Cryptocurrency: Ethereum finally emerges from the shadows
Too long, in my opinion, has Ethereum been considered the 'poor cousin' of Bitcoin. Too much the sidekick, not enough the actual star: more Robin that Batman, more Spock than Captain Kirk, more Gromit than Wallace. It seems, however, Ethereum is finally holding its own.
Frustratingly Bitcoin is the posterchild of crypto: a few years older and thus seen as more credible and established. Increasingly, however, we often see that Bitcoin is the entry point for retail investors, who then diversify in Ethereum, and thereafter into other altcoins. I am interested to note that most of the more vociferous fans of crypto from the traditional banking industry (i.e. Blackrock, Citi, Goldman Sachs, JP Morgan) tend to limit their comments to Bitcoin. Further, the trail-blazing businesses using crypto as a reserve asset for treasury, such as Tesla and MicroStrategy, have also focused on Bitcoin.
The market data, however, shows a more nuanced picture. Certainly, in terms of performance Ethereum has wiped the floor with Bitcoin. In 2020 the appreciation was more than double – Bitcoin’s gains were a non-too shabby-240% vs Ethereum’s stratospheric 450%.
Rao Paul, considered a sage crypto market analyst, only a few days ago pointed out that Ethereum has only fallen below its initial price against BTC for the first five months of its existence in 2015. While few retail investors trade ETH/BTC it does put to bed the theory that all cryptos tend to follow BTC price movements.
Indeed, whilst the market cap of Bitcoin £822bn dwarves Ethereum’s £181bn, the market dominance figures of the recent past make for interesting reading. Since January 2020, Bitcoin’s dominance has fallen from 69% to 56% whilst Ethereum’s has risen from 7% to 12%.
The use case for Ethereum can be seen as its biggest joy and challenge. Bitcoin seems to be broadly accepted as a potential replacement store of value, and thus heir apparent to our current economic system.
Investors, the media, and a reasonable proportion of the general public have heard of Bitcoin, and, even at a basic level, understand it. Ethereum’s proposition is more complex: it is a more subtle argument about how smart contracts can power a huge variety of innovations in finance, gambling, gaming, advertising, identity management, and supply chain.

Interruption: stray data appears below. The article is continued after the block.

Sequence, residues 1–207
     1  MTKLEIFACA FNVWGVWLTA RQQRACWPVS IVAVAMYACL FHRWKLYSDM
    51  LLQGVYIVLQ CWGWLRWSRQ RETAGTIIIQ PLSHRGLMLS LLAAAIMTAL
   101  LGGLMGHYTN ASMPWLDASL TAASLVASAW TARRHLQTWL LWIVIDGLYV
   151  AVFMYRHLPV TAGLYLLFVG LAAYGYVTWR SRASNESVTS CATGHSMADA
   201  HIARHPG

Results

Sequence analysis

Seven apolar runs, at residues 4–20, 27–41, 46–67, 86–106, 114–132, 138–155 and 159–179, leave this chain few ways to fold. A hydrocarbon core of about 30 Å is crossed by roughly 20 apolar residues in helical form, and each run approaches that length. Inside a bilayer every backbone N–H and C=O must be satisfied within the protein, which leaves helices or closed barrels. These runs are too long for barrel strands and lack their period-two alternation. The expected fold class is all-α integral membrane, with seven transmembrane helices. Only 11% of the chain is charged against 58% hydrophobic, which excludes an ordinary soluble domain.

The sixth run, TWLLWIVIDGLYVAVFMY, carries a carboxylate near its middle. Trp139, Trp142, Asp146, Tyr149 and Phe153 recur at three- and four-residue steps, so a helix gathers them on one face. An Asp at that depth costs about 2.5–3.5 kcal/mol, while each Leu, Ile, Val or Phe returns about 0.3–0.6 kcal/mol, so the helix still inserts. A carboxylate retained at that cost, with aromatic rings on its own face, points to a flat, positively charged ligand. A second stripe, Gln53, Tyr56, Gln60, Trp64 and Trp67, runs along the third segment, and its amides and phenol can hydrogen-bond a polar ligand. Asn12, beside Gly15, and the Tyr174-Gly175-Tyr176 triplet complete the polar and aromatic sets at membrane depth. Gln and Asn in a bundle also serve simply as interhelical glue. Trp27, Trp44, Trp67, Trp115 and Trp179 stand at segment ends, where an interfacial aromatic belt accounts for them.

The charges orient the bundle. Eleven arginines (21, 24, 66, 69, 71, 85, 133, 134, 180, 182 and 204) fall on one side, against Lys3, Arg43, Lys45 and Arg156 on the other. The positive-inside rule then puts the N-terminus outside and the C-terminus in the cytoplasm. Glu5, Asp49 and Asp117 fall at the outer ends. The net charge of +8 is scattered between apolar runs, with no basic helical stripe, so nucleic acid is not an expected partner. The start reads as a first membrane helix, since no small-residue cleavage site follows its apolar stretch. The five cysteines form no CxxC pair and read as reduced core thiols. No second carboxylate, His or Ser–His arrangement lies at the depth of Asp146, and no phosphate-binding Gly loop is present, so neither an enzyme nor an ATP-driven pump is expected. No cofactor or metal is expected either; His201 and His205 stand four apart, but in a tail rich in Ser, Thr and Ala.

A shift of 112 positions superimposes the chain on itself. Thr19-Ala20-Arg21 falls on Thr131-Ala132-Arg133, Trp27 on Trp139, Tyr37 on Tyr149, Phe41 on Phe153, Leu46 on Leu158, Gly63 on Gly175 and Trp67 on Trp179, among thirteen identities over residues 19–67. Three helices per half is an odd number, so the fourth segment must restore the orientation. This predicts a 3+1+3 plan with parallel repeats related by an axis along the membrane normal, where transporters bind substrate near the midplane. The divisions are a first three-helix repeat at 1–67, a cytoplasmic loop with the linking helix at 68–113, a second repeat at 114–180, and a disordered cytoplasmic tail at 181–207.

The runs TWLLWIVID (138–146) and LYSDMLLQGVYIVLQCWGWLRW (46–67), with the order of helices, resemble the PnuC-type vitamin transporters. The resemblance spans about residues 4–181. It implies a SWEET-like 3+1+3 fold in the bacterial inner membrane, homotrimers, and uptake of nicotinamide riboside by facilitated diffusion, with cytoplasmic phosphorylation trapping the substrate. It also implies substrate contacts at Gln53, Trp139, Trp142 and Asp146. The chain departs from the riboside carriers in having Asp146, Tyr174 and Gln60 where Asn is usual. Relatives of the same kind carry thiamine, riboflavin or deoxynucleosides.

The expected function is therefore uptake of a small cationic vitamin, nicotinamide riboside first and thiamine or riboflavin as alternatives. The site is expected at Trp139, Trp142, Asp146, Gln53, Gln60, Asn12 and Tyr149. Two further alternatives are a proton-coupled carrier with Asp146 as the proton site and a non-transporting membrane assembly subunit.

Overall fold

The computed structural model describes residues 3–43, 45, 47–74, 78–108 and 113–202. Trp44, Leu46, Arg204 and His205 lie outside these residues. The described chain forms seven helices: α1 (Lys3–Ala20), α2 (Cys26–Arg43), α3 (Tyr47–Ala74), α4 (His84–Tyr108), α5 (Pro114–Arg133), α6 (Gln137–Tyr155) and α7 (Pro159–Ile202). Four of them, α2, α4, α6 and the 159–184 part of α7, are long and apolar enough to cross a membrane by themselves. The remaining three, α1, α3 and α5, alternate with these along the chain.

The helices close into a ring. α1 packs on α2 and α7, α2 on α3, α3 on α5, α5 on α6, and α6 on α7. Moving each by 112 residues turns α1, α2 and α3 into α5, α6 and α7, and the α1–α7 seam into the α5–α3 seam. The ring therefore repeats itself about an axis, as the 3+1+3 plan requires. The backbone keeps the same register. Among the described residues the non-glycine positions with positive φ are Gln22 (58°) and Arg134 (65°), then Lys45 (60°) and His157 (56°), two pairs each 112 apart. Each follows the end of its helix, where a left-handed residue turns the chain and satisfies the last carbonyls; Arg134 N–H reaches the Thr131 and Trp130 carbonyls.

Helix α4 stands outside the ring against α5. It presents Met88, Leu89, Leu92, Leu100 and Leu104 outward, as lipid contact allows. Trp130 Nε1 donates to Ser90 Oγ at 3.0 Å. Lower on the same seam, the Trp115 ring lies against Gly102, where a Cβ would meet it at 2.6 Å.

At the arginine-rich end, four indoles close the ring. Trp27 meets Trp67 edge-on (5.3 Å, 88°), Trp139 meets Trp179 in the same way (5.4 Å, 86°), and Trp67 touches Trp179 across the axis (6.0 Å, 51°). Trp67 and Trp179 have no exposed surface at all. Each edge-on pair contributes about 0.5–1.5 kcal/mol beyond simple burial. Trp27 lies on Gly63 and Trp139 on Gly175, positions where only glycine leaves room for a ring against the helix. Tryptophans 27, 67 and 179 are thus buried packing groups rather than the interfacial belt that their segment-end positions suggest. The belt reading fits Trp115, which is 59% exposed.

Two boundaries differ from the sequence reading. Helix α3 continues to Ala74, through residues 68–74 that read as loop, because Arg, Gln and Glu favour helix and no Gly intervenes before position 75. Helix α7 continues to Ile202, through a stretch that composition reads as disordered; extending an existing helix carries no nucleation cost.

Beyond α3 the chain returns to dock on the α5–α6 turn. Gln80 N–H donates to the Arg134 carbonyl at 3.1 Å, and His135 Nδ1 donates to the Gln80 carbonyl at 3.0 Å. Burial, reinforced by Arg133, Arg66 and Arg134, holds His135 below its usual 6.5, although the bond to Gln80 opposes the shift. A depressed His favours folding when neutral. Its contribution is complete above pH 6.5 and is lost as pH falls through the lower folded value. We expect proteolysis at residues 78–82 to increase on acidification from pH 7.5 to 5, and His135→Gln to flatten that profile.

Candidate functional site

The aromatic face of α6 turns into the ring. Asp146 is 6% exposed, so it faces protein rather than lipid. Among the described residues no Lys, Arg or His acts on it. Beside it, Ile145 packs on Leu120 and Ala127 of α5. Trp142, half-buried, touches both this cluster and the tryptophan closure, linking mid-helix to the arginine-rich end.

Personally, I see Ethereum’s potential market as greater than Bitcoin’s albeit hard to explain to someone new to the industry!
In the near term, I think the trend for NFTs will help lubricate a great discussion of the role of blockchain in all industries in the near future. I can’t help but think that Ethereum may be more palatable for those who see crypto as 'the bogeyman' - a dark force of faceless decentralised, and thus uncontrollable, anonymous revolutionaries. Bitcoin’s anonymous creator (or creators) does not help this fear. Ethereum having a 'real person' as a creator, who regularly appears in public espousing the virtues of his technology and its uses make it considerably less frightening to sceptics.
Recently Ethereum has broken two all-time highs in quick succession: $2k on the 2nd April, and $2,187 ten days later. Ethereum deserves its time in the spotlight, and it would be good to see more mainstream and crypto media giving it the limelight it deserves. I would expect, therefore, in the medium term to see more investors and treasuries alike increasing their Ethereum holdings.
This article was contributed by Katharine Wooller, MD at Dacxi
Everton FC signs Sokin as its global payment partner
Everton Football Club have signed up Sokin as their official global payments partner.
Sokin is a new global currency account provider that specialises in creating open and transparent payments platforms.
The innovative fintech which launched in 2019, has agreed to a multi-year partnership that will see Sokin’s cutting-edge platform handle the Liverpool-based football club’s global currency transactions.
Disruptive startup fintech
Sokin’s founder Vroon Modgill, a first-generation immigrant, discovered how cumbersome money exchanges were and set about creating a frictionless system that can transfer funds cheaply, swifty and easily to global destinations.
The London-based fintech has grown massively since its launch and now has offices in 10 countries. Sokin also provides a streamlined subscriber platform that opens up global access to FX transfers and payments, allowing people and businesses to transact in 38 currencies and 200 countries and territories.
Fintech partnership with Everton FC
The long-term agreement with Everton sees Sokin further boost the Blues’ growing partnership portfolio while the fintech’s collaboration with the football club strategically supports Everton's FX and payments requirements via its global platform.
The partnership will also propel Sokin into a new position as a leading global fintech provider. Modgill said of Everton FC, “This ethos is a fantastic fit for Sokin’s services. As a leading financial service provider, we exist to make global payments simple and offer a trouble-free service that our customers can trust.
“We look forward to seeing the Sokin name appear around Goodison Park – one of football’s most iconic stadiums – and embarking on this journey together. Sokin – the People’s Card, working with the People’s Club.”
Speaking about the partnership, Alan McTavish, commercial director at Everton, explained, “We are delighted to welcome Sokin on board as our newest club partner and look forward to helping them promote their leading global payments offering to millions of our fans and followers around the world.
McTavish added, “Working with such a global brand is an integral part of our commercial growth strategy. Sokin is a truly innovative, forward thinking company that puts its customers and customer experience at the centre of its operation and is a perfect fit within our exciting partnership portfolio.”